Last two days were spent engaged in an English camp with a bunch of high school kids. The venue: a strange oil rig like monolith out in the middle of a harbour north of Wakayama in Osaka prefecture. As far as any of us English speakers could make out the place seemed to be an educational establishment centred around the theme of 'oceans' and so it was that, at 9am, I found myself playing the Rizla game with 12 Japanese teenagers in the 'Antarctic Ocean' room. Contrary to my expectations, the room was very warm. And not particularly Antarcticy. It was orange.
The kids were great. I surprised myself by having an extremely good time. There was a treasure hunt with a pirate theme. I attempted to maintain a pirate style demeanour for the duration, saying 'Arrrrhhhh' and 'Me heartys' and such. The kids thought I was insane. In Japan pirates are a little different. I blame One Piece. The white team won the treasure hunt despite having got lost and actually leaving the designated compound for 20 minutes and having absolutely no idea how to get back. I was the leader of the white team.
Day the second and a performance of short play looms. White team rehearses 'Puss in Boots'. I direct. I have a vision. Actors trample upon said vision. My heated diatribe concerning voice projection goes unheaded. I espouse the virtues of Stanislavsky as opposed to a Brechtian approach. The white team choose to ignore me. I tell them they have no hope of joining the RSC and let them get on with it. We perform the play. We win. Scratch that. They perform the play. They win.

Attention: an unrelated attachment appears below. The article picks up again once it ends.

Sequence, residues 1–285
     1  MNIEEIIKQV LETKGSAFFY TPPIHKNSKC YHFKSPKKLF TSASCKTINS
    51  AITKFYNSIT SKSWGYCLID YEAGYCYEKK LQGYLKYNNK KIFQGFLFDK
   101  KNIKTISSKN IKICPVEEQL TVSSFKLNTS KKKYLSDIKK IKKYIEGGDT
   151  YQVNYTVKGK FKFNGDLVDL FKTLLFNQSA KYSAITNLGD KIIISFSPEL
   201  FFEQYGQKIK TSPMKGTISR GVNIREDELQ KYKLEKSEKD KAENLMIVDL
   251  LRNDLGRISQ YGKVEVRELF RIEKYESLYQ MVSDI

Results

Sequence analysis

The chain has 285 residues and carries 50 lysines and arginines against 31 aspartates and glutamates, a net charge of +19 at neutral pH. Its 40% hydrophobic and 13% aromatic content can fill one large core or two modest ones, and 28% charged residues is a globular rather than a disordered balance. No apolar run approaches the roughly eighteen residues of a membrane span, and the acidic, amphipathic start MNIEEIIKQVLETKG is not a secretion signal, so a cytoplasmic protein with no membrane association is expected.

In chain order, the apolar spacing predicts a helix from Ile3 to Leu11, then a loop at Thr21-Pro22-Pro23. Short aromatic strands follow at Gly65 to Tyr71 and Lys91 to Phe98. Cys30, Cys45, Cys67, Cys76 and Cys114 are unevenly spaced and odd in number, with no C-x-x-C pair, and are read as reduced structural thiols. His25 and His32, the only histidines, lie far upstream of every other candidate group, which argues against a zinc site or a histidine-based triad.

Prizes are given out. The white team recieves first prize; a huge bag of sweets and chocolate. I congratulate them. They worked hard. I go to collect my bag from the teachers room. As I go to leave, the white team are all grouped in front of me. They give me a box of Apollo from their prize bag and say 'arigatou'. And I imagine that they have no idea they just created one of my favourite moments in Japan.



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